Preview Response

Justice / Social Sciences

Emily Messer

Post-Doctoral Fellow in the Evolution, Variation, and Ontogeny of Learning (EVO-Learn) Laboratory, Department of Psychology, University of Texas, Austin


The theme of the brief on human interaction at the core of acting justly connects with my work studying learning and teaching in different human populations. Largely these are NON-WEIRD (Western Educated Industrialised, Rich, & Democratic) societies with varying levels of interactions with others across the world. I’m interested in cross-cultural differences with regards to different societies’ approaches to justice.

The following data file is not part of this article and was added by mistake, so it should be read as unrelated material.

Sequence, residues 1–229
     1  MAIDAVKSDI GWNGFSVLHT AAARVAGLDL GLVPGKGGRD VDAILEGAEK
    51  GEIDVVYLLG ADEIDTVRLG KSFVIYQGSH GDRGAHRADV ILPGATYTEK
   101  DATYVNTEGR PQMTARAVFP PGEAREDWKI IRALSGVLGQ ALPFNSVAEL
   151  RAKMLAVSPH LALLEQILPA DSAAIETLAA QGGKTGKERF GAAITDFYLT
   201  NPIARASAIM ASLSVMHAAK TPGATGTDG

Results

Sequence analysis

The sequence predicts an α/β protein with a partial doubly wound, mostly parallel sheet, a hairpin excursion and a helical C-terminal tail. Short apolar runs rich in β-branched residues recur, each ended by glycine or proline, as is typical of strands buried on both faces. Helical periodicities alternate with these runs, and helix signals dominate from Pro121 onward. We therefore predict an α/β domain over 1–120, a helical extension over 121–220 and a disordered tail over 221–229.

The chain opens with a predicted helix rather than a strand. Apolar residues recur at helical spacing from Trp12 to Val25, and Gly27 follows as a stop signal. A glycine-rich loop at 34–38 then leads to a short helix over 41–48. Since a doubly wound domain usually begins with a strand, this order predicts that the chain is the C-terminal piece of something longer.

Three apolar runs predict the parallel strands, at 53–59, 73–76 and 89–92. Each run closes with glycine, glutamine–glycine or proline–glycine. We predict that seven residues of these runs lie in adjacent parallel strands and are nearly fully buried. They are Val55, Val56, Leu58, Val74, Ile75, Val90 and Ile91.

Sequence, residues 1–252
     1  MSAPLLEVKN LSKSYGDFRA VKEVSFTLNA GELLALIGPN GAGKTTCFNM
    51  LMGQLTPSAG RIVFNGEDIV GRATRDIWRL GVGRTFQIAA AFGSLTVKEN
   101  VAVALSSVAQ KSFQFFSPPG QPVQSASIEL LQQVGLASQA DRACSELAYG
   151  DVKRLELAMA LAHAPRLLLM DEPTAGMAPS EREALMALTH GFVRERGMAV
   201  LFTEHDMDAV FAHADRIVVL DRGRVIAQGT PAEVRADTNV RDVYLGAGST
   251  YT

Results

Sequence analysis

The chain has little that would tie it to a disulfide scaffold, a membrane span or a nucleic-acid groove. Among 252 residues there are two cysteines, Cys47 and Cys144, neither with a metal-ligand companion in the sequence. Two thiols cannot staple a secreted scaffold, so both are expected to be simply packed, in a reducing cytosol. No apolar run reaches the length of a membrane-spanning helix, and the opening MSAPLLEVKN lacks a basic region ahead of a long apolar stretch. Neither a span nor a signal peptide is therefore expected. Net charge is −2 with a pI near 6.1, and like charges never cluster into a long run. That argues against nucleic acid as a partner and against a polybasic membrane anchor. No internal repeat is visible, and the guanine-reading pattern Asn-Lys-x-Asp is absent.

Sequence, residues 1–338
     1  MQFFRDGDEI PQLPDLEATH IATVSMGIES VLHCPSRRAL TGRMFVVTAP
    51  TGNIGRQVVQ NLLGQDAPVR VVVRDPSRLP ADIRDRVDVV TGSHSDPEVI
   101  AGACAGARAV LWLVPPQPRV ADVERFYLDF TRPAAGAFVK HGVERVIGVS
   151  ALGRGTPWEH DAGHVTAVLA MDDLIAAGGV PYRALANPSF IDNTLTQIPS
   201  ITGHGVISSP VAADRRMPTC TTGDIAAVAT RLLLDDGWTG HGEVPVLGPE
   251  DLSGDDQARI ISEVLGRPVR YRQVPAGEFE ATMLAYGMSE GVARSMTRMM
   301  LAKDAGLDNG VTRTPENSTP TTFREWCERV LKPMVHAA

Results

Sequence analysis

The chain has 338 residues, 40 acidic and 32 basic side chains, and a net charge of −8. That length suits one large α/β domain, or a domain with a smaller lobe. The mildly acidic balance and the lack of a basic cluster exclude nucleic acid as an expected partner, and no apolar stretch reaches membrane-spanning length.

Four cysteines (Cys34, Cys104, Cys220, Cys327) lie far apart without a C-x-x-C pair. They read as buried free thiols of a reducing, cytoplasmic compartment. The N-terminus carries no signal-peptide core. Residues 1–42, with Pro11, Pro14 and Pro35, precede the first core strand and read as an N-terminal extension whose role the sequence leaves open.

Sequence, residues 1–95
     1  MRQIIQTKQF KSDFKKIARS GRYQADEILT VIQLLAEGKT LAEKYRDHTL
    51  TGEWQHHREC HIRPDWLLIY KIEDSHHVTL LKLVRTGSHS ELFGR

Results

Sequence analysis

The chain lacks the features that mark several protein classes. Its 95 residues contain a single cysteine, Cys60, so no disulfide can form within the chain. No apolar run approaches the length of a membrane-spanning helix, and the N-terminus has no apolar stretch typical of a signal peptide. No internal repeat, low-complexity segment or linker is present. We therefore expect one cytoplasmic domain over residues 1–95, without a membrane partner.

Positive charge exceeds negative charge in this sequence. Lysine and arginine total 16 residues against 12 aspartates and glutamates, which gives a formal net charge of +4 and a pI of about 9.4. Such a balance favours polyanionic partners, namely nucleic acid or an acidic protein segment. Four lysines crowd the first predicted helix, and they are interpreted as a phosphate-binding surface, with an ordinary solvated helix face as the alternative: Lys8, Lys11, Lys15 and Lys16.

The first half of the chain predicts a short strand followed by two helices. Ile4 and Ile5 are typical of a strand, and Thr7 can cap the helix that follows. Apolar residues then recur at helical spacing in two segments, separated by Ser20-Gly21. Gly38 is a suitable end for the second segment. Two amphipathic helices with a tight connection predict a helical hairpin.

While the brief focuses on first order justice, with Ulpian’s definition preferred, Aristotle’s definition explaining justice as fairness also presents some interesting insights, (despite all cases of injustice not always consisting of inequitable distributions of benefits or burdens). I’m interested in how children come to understand justice. For instance, the development of sharing and fairness in children, how children learn right from wrong, and how their social group can impact upon this learning and acceptance.

Although not touched upon in this review brief, I also wondered about animal rights and welfare within this theme, too. How potentially could the human right to justice and to being treated in a particular way impact on/with how animals are treated?